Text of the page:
A handful of nuts a day makes for an ideal snack between meals. This is because they contain fatty acids essential for the human body. In addition they contain vitamins, minerals, and dietary fibres.
A single packet of potato crisps contains somewhere between 5 to 8 potatoes.
Potato crisps (potato chips in America) were invented in 1853 by a Native American descendant and hotel chef called George Crum. Crum was getting annoyed with a guest of his, presumably no less a personage than the American “railroad czar” Cornelius Vanderbilt. The latter repeatedly sent back the fried potatoes served to him, complaining of their thickness. Finally Crum resorted to cutting the potato slices into millimetre thin wafers and fried them. To the chef’s amazement, his guest was absolutely delighted with the result. This was the moment of origin of the potato crisp! Or rather the potato chip, as Americans would say.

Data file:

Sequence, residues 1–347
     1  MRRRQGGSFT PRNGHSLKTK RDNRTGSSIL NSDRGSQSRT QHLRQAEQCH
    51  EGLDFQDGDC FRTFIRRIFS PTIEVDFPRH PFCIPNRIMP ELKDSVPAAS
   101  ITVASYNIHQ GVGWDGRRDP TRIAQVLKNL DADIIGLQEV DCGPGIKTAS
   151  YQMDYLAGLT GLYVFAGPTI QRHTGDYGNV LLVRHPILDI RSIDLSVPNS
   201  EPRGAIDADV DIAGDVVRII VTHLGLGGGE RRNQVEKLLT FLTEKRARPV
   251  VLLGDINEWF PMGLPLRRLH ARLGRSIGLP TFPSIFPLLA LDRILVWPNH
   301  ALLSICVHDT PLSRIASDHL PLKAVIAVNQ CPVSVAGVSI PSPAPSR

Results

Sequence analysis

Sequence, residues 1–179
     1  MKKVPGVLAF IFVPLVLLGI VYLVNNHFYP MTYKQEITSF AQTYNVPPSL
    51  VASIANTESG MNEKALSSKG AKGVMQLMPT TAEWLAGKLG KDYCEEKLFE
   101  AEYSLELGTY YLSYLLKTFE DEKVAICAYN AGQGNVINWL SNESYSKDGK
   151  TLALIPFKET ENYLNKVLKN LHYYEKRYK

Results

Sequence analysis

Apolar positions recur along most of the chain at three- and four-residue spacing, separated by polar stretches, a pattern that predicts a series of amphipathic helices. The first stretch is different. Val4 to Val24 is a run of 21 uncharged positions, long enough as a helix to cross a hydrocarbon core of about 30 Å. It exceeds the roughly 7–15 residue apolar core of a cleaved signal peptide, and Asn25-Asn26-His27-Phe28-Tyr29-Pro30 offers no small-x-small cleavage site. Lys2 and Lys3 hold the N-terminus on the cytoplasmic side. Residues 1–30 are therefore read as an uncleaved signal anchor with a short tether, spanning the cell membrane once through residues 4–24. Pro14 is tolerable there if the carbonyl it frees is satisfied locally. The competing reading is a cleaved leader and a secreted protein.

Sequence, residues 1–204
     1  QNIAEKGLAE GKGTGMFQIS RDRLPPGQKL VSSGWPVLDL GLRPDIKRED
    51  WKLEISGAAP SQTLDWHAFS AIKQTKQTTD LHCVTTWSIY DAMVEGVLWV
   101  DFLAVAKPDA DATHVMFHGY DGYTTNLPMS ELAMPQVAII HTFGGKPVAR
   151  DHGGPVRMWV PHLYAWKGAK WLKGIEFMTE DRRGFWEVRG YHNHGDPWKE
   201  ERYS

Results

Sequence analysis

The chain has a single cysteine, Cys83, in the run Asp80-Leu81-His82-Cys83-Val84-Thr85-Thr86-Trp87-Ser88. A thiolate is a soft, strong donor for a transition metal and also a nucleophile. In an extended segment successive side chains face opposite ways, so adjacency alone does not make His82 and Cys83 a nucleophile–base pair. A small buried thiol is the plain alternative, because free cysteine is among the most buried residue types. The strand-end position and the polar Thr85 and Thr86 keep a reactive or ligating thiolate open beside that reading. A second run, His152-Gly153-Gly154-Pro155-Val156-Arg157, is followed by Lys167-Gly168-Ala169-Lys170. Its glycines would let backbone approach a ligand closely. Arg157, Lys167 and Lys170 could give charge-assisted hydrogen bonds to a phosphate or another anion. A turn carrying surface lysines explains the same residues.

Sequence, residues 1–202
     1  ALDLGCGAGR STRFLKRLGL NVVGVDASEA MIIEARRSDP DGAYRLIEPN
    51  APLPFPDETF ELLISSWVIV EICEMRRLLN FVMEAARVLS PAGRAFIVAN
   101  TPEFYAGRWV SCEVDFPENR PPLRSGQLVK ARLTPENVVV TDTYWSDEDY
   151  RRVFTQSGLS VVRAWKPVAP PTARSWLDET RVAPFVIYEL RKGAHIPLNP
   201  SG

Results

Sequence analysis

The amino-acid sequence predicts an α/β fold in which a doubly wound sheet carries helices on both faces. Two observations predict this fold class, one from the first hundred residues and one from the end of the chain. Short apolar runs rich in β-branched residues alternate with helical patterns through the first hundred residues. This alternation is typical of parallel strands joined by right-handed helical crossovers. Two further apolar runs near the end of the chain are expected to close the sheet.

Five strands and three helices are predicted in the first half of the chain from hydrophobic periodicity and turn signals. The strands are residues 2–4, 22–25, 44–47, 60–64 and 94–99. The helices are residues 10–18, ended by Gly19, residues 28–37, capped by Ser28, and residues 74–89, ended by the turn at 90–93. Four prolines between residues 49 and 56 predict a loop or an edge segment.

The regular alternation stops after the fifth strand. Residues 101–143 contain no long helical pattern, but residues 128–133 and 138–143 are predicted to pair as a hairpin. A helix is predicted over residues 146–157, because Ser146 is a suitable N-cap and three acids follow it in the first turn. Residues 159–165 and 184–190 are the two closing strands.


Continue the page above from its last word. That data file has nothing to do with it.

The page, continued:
Tortilla chips were invented in a Mexican delicatessen and tortilla factory in Los Angeles at the end of the 1940s. The owner, Rebecca Carranza, was looking for an idea of how to make use of tortilla flatbreads which her automatic tortilla machine could no longer process. So she cut the otherwise non-processable tortilla flatbreads into small triangles and fried them. With the selling of her tortilla chips as a snack, they soon became a huge nationwide hit.
The key thing is to keep savoury biscuits dry when stored. Open packages should be well sealed again. Biscuits left lying in the open or stored in open packages quickly absorb moisture from the surrounding air. This makes them lose their crispiness and negatively affects their taste.